KISS & TELL by ADIB KHORRAM
A REVIEW by ALEXA DUNCAN
I have a well-documented past with loving boy bands. I loved the Backstreet Boys and NSYNC when I was younger and I’m obsessed with the likes of NCT and BTS today. So when I heard Adib Khorram, author of Darius the Great Is Not Okay (one of my favorite YA contemporaries), was writing a book centered around a boy band, I knew I needed to read it. Kiss & Tell is about Hunter Drake, the openly gay singer of the boy band Kiss & Tell. Hunter and his best friends made a song as a joke in high school and ended up gong viral in the process. They’ve since skyrocketed to fame and are now on their North American Tour. When Hunter’s ex-boyfriend leaks some damaging texts about their personal lives to the public, things get messy. Hunter must confront himself and the industry he’s apart of while also fake dating the drummer for their opening act.
I loved Khorram’s writing in the Darius books. It’s simple and flows well. It’s the same sort of thing in Kiss & Tell. The book is easy to get through and the pages really flew by. I loved the boy band aspects, of course, and enjoyed all the fun Canada references (seriously, poutine sounds so good now). This book also tackles a lot of nuances about what it’s like to be openly gay in the entertainment industry, especially as a member of a boy band. his isn’t a coming-of-age tale about homophobia, however. Hunter is gay and everyone is fine with it, even if is label’s microaggressions toward his sexuality get on his nerves. These matters are discussed on page, however, which I appreciated.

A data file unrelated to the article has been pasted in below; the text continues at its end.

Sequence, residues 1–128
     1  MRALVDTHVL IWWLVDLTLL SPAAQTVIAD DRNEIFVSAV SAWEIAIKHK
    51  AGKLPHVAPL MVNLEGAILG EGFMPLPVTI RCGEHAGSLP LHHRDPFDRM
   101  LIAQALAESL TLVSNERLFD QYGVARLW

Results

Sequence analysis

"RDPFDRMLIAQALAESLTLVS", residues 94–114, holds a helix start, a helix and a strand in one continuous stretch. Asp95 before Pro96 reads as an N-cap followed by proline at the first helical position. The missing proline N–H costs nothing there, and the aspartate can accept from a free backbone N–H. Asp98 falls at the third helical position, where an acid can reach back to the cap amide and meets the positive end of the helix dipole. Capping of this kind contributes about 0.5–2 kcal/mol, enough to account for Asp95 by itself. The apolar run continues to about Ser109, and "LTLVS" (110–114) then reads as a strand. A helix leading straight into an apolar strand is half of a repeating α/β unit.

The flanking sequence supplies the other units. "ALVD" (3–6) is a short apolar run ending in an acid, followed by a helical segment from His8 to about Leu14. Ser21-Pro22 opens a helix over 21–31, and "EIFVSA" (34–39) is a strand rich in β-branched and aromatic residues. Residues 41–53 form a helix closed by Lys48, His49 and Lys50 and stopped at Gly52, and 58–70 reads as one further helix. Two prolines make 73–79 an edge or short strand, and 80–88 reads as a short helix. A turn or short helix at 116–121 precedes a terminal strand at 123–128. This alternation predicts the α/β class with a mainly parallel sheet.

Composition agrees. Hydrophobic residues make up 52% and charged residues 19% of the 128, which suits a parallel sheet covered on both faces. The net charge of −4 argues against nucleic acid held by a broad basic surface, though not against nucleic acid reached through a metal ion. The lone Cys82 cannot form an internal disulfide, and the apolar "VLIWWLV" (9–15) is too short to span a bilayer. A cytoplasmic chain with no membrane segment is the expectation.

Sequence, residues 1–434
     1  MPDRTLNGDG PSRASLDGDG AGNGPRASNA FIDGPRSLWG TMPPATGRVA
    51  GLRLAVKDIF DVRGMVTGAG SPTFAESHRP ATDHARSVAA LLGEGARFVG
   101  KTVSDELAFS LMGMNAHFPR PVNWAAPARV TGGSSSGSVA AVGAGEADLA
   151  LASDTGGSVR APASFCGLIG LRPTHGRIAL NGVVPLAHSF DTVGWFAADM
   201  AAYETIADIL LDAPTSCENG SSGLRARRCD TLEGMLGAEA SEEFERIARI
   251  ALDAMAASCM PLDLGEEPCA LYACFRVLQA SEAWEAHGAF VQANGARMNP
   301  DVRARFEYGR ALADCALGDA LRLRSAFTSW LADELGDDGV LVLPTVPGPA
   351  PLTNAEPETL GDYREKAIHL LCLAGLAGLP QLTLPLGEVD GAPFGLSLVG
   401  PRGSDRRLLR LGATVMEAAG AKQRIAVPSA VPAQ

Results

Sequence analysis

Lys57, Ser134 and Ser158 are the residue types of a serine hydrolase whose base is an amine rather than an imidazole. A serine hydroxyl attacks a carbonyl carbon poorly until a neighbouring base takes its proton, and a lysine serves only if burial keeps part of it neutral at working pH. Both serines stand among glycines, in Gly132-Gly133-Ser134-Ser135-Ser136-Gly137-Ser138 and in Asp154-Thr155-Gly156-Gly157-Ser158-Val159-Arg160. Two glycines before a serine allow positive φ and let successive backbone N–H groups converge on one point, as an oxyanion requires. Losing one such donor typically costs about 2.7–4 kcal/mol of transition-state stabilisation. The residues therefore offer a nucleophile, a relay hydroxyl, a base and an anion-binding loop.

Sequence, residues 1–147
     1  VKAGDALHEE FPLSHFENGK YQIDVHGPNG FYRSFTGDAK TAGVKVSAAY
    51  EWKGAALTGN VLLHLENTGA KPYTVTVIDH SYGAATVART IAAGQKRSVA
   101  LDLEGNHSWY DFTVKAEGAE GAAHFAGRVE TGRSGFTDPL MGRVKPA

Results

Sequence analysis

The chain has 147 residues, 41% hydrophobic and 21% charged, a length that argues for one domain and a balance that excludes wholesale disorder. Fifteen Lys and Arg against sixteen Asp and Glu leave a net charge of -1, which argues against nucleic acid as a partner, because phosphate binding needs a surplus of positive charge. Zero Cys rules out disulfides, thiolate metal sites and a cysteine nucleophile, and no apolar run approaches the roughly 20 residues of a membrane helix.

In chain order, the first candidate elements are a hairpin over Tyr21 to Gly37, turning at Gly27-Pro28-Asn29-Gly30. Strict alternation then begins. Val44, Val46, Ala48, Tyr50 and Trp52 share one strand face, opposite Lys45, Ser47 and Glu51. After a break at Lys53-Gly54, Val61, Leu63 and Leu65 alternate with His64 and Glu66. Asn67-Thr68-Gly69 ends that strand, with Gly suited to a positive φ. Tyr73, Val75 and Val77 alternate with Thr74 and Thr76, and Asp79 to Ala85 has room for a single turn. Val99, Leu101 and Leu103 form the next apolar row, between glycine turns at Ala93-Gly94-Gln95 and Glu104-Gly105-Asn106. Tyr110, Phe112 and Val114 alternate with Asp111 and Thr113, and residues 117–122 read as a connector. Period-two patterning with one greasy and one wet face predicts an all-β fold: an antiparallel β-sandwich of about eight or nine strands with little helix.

Even so, I found myself a little disappointed at how heavy this book felt at times. The issues Khorram brings up are important ones and need to be discussed, but at the same time, I’m not sure this book knows what it wants to be. It’s cover screams YA rom-com, but it’s more of a contemporary than anything else. Hunter himself is going through a lot in this book and as a result, he’s kind of…miserable. This isn’t to say I need all my characters to be happy and have nothing wrong with them (that is very much not the case), but Hunter is constantly beat down through the entire book and it felt a little exhausting to read about.
This book is also told in a mixed-media format. There are interviews, tweets, blog posts, and transcripts scattered throughout the text. Usually I don’t like this kind of things in books, but it worked here and I really enjoyed that extra layer characterization for Hunter and his love interest, Kaivan. Kiss & Tell isn’t my favorite Khorram book, but it’s still a fun read if you’re looking for a boy band themed book! Pick it up at the Argenta Library today!